Thursday, October 8, 2015

621. Last Chants for a Slow Dance (1977)

Running Time: 90 minutes
Directed By: Jon Jost
Written By: Jon Jost
Main Cast: Tom Blair, Wayne Crouse, Jessica St. John, Steve Voorheis


I put in "Ugetsu" and seventeen minutes in, my blu-ray player is moaning and I take out the disc to find that Netflix has sent me another cracked one. Therefore, I turned to the computer to take in another rarity in Jon Jost's "Last Chants for a Slow Dance", which I enjoyed...for some, sick reason.

There's not a whole lot in the way of plot going on, but rather the movie is a collection of about seven or eight scenes, all revealing a little piece of the character Tom Bates (Blair). We open on a road, a man jacking his jaw behind the wheel of a pickup truck. The man turns out to be our main character - the man is Tom Bates. He's talking to someone, a male, perhaps a hitchhiker - someone he's spilling his guts to: he has two kids he never really wanted, he has a wife who nags him although he loves her, he's unemployed. The passenger disagrees with him once and it's bye bye hitcher, as Tom kicks the boy out of the truck. In the following scene, Tom and Darlene (his wife) get into an argument - she wants him to be a better husband & father. He sits back and takes it, for the most part. Later, we see him pick up a woman, Mary, in a bar - the following scene has us peeping on them having sex, followed by Tom calling Darlene to continue the apartment, while still naked in the bed of his new found mistress. There's a few other scenes, but why sit here and let me read it to you word for word, when you can probably, easily track it down online and see it for yourself. In fact, I recommend you do.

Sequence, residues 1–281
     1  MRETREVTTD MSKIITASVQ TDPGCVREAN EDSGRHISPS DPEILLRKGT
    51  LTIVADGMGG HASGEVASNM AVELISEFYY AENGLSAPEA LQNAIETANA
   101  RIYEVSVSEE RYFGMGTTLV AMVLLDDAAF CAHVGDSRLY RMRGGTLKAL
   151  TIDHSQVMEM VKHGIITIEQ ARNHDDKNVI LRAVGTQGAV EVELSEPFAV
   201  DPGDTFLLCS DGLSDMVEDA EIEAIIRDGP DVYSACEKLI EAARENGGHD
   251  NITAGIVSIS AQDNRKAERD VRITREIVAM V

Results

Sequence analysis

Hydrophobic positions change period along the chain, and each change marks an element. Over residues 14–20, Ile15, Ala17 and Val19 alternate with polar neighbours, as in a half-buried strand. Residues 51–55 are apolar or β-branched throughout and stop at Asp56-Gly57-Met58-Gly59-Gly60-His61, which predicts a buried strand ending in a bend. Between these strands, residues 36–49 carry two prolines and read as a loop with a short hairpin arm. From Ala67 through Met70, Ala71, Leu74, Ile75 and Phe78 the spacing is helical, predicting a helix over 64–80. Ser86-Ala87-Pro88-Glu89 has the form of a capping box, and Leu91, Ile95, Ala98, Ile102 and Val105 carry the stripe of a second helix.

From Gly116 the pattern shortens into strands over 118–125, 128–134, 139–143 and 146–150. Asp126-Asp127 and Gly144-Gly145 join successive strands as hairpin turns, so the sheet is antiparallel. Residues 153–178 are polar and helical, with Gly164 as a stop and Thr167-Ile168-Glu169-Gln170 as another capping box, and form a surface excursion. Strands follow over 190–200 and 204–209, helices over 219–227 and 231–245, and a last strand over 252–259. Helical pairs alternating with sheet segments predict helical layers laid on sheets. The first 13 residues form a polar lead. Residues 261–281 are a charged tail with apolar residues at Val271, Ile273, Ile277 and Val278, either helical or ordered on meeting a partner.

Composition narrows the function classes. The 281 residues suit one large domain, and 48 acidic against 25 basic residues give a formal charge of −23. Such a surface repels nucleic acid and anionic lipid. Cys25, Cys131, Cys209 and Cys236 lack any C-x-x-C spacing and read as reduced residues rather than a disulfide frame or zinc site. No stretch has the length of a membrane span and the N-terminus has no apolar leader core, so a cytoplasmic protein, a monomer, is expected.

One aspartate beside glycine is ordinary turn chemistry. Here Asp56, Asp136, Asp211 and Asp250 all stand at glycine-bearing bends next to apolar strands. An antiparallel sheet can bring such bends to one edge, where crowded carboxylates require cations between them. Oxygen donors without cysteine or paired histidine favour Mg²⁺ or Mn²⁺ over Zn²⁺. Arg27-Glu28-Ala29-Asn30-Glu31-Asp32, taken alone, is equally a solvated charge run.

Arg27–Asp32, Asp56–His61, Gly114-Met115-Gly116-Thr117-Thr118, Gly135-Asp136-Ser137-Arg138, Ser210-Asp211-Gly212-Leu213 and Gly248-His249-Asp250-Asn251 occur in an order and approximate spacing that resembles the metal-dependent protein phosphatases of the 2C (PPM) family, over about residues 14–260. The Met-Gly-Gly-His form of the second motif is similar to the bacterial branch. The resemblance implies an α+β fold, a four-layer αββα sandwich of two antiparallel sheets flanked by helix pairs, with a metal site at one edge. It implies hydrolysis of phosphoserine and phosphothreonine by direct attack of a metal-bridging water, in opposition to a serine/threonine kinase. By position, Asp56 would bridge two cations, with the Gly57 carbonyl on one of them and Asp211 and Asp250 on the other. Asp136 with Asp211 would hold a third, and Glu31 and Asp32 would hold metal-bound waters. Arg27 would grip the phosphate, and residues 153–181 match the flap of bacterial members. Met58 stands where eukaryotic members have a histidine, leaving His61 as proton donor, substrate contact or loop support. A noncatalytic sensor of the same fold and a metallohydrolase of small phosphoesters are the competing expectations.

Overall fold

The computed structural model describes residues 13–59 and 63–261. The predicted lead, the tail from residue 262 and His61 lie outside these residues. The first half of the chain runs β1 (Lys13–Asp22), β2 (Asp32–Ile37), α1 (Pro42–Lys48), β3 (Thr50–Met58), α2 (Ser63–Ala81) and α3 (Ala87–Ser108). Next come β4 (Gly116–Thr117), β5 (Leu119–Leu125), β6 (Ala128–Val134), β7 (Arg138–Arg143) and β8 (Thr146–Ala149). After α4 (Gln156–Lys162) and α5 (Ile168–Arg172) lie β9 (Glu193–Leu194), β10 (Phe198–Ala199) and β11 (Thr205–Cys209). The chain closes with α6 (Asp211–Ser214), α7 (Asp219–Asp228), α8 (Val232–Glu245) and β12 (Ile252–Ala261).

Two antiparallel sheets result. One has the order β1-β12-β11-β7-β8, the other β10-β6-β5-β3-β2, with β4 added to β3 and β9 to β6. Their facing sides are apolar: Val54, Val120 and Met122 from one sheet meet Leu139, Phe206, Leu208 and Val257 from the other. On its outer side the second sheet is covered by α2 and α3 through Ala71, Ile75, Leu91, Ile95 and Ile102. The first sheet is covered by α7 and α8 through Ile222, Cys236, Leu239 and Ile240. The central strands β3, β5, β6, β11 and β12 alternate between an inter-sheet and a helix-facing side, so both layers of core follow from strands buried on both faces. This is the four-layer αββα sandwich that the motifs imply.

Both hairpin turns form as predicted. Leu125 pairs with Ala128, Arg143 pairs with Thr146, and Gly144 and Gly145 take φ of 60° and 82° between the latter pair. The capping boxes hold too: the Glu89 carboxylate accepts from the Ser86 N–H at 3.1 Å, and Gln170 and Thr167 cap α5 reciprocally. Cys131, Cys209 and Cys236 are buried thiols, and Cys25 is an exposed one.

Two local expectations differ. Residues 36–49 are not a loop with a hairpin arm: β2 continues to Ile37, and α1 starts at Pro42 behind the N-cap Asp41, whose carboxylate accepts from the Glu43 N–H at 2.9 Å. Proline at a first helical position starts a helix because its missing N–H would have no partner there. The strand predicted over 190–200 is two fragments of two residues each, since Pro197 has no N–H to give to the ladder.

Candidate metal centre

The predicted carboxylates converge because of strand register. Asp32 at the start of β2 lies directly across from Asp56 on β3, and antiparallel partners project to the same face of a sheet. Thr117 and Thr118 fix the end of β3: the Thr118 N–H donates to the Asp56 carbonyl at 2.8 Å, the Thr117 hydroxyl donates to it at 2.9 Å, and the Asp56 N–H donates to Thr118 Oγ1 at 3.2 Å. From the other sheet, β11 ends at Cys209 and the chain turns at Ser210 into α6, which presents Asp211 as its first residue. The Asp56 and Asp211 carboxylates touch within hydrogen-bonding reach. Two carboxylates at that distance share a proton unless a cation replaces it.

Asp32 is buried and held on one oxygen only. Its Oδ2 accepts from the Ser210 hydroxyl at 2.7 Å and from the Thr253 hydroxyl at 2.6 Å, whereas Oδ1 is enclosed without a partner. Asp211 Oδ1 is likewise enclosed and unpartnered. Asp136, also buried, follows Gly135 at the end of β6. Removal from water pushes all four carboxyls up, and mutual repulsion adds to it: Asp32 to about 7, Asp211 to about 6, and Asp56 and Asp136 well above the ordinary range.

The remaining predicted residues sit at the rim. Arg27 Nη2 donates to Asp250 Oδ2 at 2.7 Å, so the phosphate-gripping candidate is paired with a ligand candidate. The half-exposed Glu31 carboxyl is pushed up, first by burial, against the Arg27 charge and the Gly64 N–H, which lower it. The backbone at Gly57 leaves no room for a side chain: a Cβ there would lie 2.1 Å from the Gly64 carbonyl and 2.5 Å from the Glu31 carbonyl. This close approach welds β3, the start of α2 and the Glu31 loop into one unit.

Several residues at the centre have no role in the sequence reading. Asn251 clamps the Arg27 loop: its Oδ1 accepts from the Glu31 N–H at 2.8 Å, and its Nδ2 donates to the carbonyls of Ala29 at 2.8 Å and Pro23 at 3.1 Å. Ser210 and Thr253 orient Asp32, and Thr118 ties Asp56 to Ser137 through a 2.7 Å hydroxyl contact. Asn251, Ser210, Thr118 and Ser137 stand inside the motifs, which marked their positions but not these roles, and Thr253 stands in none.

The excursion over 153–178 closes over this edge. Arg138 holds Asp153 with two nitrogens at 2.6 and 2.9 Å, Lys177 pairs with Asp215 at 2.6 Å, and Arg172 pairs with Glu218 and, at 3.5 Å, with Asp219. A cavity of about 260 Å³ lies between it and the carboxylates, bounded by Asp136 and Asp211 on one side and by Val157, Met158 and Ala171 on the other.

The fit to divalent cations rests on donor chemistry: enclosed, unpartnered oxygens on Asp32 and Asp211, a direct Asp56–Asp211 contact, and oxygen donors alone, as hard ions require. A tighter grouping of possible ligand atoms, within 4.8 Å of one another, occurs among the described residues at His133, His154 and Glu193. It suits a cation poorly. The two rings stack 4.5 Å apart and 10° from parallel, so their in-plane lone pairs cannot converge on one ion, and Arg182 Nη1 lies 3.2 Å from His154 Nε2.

Went into this one LITERALLY knowing nothing about it, other than the fact that THE BOOK clearly made another blunder and misspelled the word "chance". Well, I was clearly wrong about that assumption - I still don't really get the title though. Like I said in my review for "The Burmese Harp", at this point, I've unfairly given up hope of any of these last thirty or so movies impressing me. When I peruse the list of what's left, almost nothing has me excited, while the majority have me filled with dread. However, for the second time in a row, I've been pleasantly surprised, which is why my skepticism approach may be paying off. If I think the worst, then it can only get better from there, right?